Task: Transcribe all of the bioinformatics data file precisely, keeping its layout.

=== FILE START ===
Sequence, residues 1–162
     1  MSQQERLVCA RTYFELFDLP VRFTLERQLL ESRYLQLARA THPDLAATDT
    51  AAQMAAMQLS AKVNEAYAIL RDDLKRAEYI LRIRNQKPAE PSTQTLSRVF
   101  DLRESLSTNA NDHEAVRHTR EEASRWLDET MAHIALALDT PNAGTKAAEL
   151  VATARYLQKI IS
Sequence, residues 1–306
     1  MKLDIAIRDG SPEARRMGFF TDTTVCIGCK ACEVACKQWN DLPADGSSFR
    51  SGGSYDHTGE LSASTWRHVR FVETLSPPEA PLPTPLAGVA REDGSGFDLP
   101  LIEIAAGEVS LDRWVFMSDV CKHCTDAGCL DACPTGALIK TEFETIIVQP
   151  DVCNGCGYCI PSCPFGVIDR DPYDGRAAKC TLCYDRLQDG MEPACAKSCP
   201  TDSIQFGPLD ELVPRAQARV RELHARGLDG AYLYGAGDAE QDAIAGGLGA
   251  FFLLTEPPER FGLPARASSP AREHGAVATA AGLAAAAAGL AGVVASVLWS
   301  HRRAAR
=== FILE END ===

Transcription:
Sequence, residues 1–162
     1  MSQQERLVCA RTYFELFDLP VRFTLERQLL ESRYLQLARA THPDLAATDT
    51  AAQMAAMQLS AKVNEAYAIL RDDLKRAEYI LRIRNQKPAE PSTQTLSRVF
   101  DLRESLSTNA NDHEAVRHTR EEASRWLDET MAHIALALDT PNAGTKAAEL
   151  VATARYLQKI IS
Sequence, residues 1–306
     1  MKLDIAIRDG SPEARRMGFF TDTTVCIGCK ACEVACKQWN DLPADGSSFR
    51  SGGSYDHTGE LSASTWRHVR FVETLSPPEA PLPTPLAGVA REDGSGFDLP
   101  LIEIAAGEVS LDRWVFMSDV CKHCTDAGCL DACPTGALIK TEFETIIVQP
   151  DVCNGCGYCI PSCPFGVIDR DPYDGRAAKC TLCYDRLQDG MEPACAKSCP
   201  TDSIQFGPLD ELVPRAQARV RELHARGLDG AYLYGAGDAE QDAIAGGLGA
   251  FFLLTEPPER FGLPARASSP AREHGAVATA AGLAAAAAGL AGVVASVLWS
   301  HRRAAR